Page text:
After a demanding semester during which many life decisions were made over many cups of coffee, it’s great to be back on the blog 🙂 If you read my previous post Why I’ve Been Blog-Quiet, you’ll know that this book’s review was set for the presses in February (!). Then, the first of many rattling executive orders from the 45th president was announced. The Muslim Ban, targeting Iranian immigrants among others, was scarily relevant to this book’s protagonist. The event rattled me into a long state of pondering and critical evaluation.
Thanks to encouragement from friends, on and outside the blog world, I’ve decided to finally publish the review. As the work from the semester subsides, I am excited to re-start blogging.
With much love, I share with you a wonderful book:
Tell Me Again How a Crush Should Feel by Sara Farizan is the treat of a YA novel that you deserve (to read snuggled in a blanket, eating your favorite after-school snack, laughing uncontrollably).
This book was recommended with great enthusiasm by the lovely Sue from Hollywood News Source! And am I glad that she did.
It’s hard not to get on protagonist Leila’s side from the start. She is personally endangered by her clumsiness at sports. She’s not particularly winsome. And she’s certainly not as smart as her perfect Harvard pre-med sister, Nahal. Leila’s just an observant, sarcastic junior trying to lay low at her elite private school, just not quite un-popular enough to get by.
Leila’s noble goal, however, is unsettled by the entrance of Saskia, the gorgeous new girl in school. No, not gorgeous. Saskia is cosmopolitan, sexy, impulsive, and looks like she “just walked out of a Garnier Fructis commercial.”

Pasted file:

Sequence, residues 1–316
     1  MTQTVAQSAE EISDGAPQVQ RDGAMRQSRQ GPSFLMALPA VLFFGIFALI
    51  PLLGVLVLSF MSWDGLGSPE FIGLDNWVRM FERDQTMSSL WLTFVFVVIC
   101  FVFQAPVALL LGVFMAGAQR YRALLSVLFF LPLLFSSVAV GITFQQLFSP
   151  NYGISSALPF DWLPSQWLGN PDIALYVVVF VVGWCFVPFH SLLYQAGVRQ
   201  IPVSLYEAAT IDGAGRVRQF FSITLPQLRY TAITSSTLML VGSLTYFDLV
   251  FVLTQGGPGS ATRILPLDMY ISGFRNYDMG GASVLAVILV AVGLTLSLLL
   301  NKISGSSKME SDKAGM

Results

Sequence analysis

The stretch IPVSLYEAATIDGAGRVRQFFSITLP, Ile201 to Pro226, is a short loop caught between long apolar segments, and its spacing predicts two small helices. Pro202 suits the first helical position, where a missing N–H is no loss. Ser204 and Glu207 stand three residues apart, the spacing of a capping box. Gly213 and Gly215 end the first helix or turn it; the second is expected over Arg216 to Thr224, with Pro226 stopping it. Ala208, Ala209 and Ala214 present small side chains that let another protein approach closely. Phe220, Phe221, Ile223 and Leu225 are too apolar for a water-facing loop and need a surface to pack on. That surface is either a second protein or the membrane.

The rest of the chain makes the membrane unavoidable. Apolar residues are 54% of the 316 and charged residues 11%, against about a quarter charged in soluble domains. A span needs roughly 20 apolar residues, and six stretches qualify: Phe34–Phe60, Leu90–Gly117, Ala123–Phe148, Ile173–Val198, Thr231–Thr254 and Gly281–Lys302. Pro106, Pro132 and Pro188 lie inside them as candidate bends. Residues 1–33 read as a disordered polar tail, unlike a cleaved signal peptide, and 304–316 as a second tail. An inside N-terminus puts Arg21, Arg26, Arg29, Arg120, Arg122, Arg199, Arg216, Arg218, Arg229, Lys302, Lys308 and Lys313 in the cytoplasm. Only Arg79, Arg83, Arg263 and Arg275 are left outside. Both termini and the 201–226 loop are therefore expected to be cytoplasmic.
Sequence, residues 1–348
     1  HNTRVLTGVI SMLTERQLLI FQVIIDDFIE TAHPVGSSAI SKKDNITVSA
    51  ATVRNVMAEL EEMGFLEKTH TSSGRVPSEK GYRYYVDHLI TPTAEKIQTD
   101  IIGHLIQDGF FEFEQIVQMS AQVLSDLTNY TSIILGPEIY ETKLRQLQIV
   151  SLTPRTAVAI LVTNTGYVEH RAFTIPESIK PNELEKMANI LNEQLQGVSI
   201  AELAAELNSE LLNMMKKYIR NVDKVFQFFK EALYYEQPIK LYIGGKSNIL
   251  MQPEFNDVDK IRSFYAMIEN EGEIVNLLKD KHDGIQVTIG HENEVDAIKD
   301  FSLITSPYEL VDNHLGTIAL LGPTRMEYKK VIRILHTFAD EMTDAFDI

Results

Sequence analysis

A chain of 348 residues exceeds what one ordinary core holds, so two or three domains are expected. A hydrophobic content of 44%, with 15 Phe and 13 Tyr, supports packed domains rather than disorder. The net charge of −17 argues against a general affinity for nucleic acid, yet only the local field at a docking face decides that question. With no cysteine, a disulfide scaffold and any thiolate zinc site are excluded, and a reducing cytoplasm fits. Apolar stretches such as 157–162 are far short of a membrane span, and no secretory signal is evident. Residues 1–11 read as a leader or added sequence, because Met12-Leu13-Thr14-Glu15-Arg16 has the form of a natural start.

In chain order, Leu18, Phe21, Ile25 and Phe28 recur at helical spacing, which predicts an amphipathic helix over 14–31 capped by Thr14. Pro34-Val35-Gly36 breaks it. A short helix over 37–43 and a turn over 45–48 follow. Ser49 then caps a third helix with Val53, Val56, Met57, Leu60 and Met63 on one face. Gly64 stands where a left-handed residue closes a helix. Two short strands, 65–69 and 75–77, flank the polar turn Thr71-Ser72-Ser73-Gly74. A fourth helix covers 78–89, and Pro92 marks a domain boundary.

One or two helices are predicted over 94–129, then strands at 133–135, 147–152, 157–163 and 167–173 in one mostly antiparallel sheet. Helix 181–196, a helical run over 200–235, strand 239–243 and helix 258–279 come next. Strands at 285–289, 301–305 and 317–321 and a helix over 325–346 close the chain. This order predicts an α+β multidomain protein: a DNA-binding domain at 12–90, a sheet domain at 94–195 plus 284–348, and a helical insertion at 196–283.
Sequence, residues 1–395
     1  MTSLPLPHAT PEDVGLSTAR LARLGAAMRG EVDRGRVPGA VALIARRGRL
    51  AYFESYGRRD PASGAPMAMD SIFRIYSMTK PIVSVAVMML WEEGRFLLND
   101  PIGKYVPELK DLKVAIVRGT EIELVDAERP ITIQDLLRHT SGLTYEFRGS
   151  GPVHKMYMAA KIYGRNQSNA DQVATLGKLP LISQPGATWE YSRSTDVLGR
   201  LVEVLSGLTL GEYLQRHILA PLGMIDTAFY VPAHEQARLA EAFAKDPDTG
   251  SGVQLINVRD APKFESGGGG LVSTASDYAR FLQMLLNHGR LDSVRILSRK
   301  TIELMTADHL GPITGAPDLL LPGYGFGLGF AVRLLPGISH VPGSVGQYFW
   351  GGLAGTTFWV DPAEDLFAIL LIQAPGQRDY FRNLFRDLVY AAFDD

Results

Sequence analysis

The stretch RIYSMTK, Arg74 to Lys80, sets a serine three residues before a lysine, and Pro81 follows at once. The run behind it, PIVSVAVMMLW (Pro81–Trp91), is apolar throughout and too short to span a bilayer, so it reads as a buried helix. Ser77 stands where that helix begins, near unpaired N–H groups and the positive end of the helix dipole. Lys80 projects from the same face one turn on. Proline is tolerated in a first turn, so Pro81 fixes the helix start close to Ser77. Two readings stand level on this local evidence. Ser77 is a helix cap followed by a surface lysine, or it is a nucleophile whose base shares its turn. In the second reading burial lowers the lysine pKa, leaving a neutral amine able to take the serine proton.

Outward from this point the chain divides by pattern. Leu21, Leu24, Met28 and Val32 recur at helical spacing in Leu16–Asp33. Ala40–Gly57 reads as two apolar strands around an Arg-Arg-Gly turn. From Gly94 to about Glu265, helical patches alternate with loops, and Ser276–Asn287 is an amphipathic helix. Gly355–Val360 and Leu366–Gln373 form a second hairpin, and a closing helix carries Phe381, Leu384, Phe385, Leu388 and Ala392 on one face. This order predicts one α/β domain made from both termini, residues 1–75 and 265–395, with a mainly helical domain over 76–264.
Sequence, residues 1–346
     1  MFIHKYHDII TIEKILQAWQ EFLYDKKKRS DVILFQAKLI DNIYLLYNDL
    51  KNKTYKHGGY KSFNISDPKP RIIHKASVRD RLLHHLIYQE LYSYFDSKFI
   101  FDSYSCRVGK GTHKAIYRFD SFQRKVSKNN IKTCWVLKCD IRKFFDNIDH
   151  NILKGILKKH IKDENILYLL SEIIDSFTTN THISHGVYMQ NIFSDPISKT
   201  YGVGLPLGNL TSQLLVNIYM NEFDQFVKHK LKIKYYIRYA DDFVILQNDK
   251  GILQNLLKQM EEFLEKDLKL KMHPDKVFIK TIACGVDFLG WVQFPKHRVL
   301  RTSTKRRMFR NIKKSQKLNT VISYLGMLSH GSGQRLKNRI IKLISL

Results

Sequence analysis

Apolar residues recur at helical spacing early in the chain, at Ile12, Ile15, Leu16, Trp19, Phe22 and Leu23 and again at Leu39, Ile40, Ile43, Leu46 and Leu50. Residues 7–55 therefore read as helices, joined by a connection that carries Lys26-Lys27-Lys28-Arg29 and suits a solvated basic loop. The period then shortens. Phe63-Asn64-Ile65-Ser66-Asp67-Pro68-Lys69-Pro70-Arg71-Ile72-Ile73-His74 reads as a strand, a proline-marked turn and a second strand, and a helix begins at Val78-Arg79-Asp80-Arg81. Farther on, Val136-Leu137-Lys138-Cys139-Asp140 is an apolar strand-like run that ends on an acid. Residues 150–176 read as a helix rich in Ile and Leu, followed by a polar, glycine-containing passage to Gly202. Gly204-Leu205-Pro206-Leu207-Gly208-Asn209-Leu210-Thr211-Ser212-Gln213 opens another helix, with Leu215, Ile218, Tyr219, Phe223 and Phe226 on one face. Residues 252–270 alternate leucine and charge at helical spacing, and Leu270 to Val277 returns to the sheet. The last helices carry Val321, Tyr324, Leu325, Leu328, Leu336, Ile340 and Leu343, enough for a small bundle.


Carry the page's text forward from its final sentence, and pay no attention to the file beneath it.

Nobody at her school, not even her parents, know that Leila is attracted to girls. Tell Me Again How a Crush Should Feel is in part a coming-out story, but mostly a coming-into-oneself story, a realizing-multiple-dimensions-of-love story.
What I loved most about the book, besides how hilarious it is, is its complex, representation of an Iranian American family. Leila is the daughter of Iranian immigrants who have high expectations of Leila and Nahal. But Sara Farizan, who also grew up with Iranian immigrant parents, upends stereotypes. She describes the joyful, loving, awkward moments between Leila and her parents.
Dad rolls his window down and turns up the volume, yelling the song in Farsi on Route 128, trying to make me laugh but really just making me embarrassed. He laughs after a while and rolls the window up.
“Okay, enough torture. You can listen to your butt songs.”
Farizan also renders with tenderness Leila’s coming-out to her mother. It’s one of my favorite scenes. I feel like I’ve read so many depictions of stereotypically stern, demanding Asian and Middle Eastern parents that I’m surprised to read parents who actually seem like humans, like my own. It’s pretty telling about how the book world direly needs more literary parents like Leila’s. Nahal, too, turns out to have more surprises than even Leila thought.
I recommended this book to a Lebanese American friend, and when she finished, she told me that she relished the passages on Leila’s legendary family gatherings. Through Leila’s eyes, details of Middle Eastern culture felt warm and familiar to her – sumptuous descriptions of food and clothing, probing but well-intentioned questions from aunts, resigning oneself to hanging out with the little kids.
Again, Tell Me Again How a Crush Should Feel is only in part a coming-out story. There’s a debacle about school play (two plays, in fact), friendships that grow and are tested over time (as with Leila’s steadfast friends Tess and Greg), and good ol’ dramatic private school scheming (sorry, but it couldn’t be set in a private school without it). All of this is grounded by a protagonist who is sarcastic, down-to-earth, and who shows genuine kindness and bravery in unassuming ways.
Have you read Tell Me Again How a Crush Should Feel? Are there any other stories with awesome LGBTQ characters of color, or non-stereotypical POC parents, that you recommend?
Also, if you’re familiar with my previous reviews, you’ll notice that they’re often much longer and evaluate literature through an academic lens. (See these ones on The Sun is Also a Star and Written in the Stars). While I love this elaborate style, I’ve experimented with this shorter one, just to try something new. What are your thoughts?